The National Collaborative for Infants and Toddlers published a new resource on how states and localities can use the nearly 30 federal relief funds to support the well-being of infants, toddlers, and families. Supporting Prenatal-to-Three with Federal Relief Funds includes strategies to expand, improve, and make more accessible early care and education, family support, and maternal and infant/toddler health services.
“The unprecedented relief funds present an enormous opportunity for early childhood leaders to increase equitable access to high-quality programs and services — particularly now, when racial inequities, job losses, and evictions are rampant,” according to a summary on the BUILD Initiative website. The featured prenatal-to-three strategies identified were selected from the actions of 30 state and local prenatal-to-three coalitions funded by Pritzker Children’s Initiative. Read more here.
The Center for the Study of Childcare Employment released a data snapshot highlighting key findings from a recent survey of center-based and transitional kindergarten (TK) teachers.
“New Data Shows Early Educators Equipped to Teach TK” reported that California has thousands of early educators — most of whom are women of color — who are well positioned to fill new TK jobs. The data snapshot noted that the state also has thousands of family child care providers who work with preschool-aged children.
California is in the process of transforming TK into a universal preschool program for all 4-year-olds by 2025. The changeover is expected to create the need for an additional 8,000 to 11,000 lead TK teachers, according to the report.
The authors stressed the importance of ensuring TK expansion doesn’t exacerbate existing inequities for the ECE workforce. The report provides five recommendations for California agencies and leaders to close the equity gap.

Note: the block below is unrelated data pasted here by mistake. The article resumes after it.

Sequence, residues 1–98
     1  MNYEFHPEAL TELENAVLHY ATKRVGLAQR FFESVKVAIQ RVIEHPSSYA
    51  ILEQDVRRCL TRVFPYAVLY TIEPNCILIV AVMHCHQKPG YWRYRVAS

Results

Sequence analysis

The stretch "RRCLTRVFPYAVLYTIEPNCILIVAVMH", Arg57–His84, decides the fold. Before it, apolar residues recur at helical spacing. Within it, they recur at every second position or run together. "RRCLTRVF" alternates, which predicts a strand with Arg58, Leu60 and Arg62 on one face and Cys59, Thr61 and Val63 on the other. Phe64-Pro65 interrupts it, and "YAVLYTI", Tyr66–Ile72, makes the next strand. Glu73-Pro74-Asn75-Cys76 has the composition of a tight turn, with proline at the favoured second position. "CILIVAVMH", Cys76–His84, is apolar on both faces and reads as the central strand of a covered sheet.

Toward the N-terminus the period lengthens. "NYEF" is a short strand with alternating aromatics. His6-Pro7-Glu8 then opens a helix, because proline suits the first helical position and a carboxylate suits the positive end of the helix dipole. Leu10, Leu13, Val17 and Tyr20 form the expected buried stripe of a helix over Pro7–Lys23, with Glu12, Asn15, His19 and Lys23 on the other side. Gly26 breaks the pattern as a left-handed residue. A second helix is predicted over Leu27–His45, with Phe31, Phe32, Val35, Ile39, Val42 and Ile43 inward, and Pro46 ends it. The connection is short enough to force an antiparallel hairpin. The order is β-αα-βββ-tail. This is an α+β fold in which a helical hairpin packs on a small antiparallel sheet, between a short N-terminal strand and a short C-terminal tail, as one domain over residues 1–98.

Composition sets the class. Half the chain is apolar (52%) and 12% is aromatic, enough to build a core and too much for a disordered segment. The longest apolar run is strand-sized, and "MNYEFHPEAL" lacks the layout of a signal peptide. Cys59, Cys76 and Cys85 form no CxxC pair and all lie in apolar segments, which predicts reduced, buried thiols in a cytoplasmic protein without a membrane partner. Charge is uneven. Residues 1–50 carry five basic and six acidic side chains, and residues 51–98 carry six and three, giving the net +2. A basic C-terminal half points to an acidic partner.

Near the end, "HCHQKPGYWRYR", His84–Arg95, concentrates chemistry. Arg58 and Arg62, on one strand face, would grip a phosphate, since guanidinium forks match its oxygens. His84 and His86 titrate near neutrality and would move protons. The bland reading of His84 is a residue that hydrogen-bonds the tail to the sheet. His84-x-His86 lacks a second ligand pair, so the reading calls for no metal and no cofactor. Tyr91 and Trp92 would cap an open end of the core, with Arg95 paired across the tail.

A new report by NIEER’s GG Weisenfeld and Ellen Frede examined the policies and provisions of state-funded pre-K in Family Child Care homes (FCCs) in 24 states and several cities. The report explored the potential opportunities and challenges derived from an analysis of current state policies and the FCC literature base, and made recommendations for state/city leaders considering inclusion of FCCs in their pre-K programs. Weisenfeld and Frede concluded: “it is highly likely that FCCs can effectively support children’s learning and development, but more research needs to occur to better understand the conditions necessary to support and advance those outcomes.” Their research was supported by Home Grown, a national collaborative of philanthropic leaders committed to improving the quality of and access to home-based child care. Read the report here.
Best Practices in Early Learning Governance and the Impact on the Workforce
NIEER Senior Research Fellow Lori Connors-Tadros recently conducted a webinar on best practices in early learning governance for the National Council on State Legislatures. Connors-Tadros shared the findings of the recent report, Effective State Offices of Early Learning: Structural Features, Enabling Conditions, and Key Functions in Four States, and discussed the lessons learned from this study that could inform the governance of early learning in other states. Clayton Burch, superintendent of the West Virginia Department of Education, discussed how a strong partnership between state agency staff and legislators led to the implementation of high quality universal pre-K with a shared governance model.